Michael's on the Hill Owners Take Over Crop Bistro | Food News | Seven Days | Vermont's Independent Voice

Food + Drink » Food News

Michael's on the Hill Owners Take Over Crop Bistro

by

comment
Crop Bistro & Brewery - COURTESY OF CROP BISTRO & BREWERY
  • Courtesy Of Crop Bistro & Brewery
  • Crop Bistro & Brewery

After a week of closure, Stowe's Crop Bistro & Brewery reopened last Thursday with Laura and Michael Kloeti, owners of Michael's on the Hill in Waterbury Center, at the helm.

Originally opened in early 2012 by chef and multistate restaurateur Steve Schimoler, Crop struggled to retain employees and suffered from high turnover; chef Tom Bivins left in 2014 to head the Vermont Cheese Council. Laura Kloeti says she and her husband have big plans for the space — including ramping up brewing operations and distributing more beer for retail. But they plan to ease into the changes and keep Crop's original pub concept alive.

So far, the Kloetis have redone the menu and installed Michael's alum Jason Bissell as the chef. The bill of fare offers starters (fried pickles, smoked trout dip), salads, charcuterie and cheese, pub standards (burgers, brats, beer-battered fish), and "specialties" (steak frites, confit duck, barbecue-braised pork shank).

"It's real comfort food," Kloeti says, inspired in part by the "Diner" menu that Michael's served during Vermont Restaurant Week. "People loved it so much," she says, "we're doing a lot of that kind of stuff at Crop."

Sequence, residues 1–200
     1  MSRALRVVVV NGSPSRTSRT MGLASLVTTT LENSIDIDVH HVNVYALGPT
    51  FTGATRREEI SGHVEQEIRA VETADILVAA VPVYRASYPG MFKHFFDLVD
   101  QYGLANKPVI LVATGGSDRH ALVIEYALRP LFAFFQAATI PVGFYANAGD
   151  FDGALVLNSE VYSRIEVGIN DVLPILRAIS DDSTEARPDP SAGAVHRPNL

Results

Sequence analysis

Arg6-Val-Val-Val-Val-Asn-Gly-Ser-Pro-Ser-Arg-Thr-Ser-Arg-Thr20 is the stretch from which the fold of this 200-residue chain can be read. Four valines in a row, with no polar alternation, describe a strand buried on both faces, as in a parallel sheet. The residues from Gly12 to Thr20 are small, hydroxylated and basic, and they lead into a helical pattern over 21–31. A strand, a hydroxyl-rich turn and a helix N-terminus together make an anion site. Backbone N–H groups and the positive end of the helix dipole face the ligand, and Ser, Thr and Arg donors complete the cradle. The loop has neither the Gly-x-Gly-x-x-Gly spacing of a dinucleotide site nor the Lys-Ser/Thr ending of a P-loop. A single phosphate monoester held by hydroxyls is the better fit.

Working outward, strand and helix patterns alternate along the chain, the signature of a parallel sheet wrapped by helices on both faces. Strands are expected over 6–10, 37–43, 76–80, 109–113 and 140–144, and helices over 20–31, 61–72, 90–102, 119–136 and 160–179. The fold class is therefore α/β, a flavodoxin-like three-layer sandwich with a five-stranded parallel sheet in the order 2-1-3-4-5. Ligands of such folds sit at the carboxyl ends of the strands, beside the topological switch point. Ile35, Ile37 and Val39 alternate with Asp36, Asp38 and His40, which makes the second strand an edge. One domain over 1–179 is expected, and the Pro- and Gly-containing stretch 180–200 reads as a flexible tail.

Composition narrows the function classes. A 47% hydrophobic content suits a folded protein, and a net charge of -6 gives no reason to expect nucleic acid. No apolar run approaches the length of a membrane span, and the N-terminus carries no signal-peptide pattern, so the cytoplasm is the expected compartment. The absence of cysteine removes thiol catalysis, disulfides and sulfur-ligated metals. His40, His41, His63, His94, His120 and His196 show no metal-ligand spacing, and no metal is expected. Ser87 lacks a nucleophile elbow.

In addition to house suds from brewer Will Gilson, the beverage list offers seasonal craft cocktails and 24 wines by the glass, made possible by a preservation system that keeps open bottles from oxidizing within a couple of days.

While Michael's is a special-occasion destination, Kloeti hopes that Crop — which she plans to rename this fall — will continue to be an everyday kind of place. She and her husband have long wanted to open a casual restaurant, she says, but adds, "Our mission is the same in terms of using local ingredients and our sustainability sensibility."

Opening a second restaurant also means the Kloetis can give their staff more room to move up the ladder. "At a small restaurant, it's tough to give our staff opportunities to grow," Kloeti says. "People don't leave, so where was my sous chef going to go?" She calls Crop "a great opportunity for us to expand as a family."

The original print version of this article was headlined "Crop Swapping"

Add a comment

Seven Days moderates comments in order to ensure a civil environment. Please treat the comments section as you would a town meeting, dinner party or classroom discussion. In other words, keep commenting classy! Read our guidelines...

Note: Comments are limited to 300 words.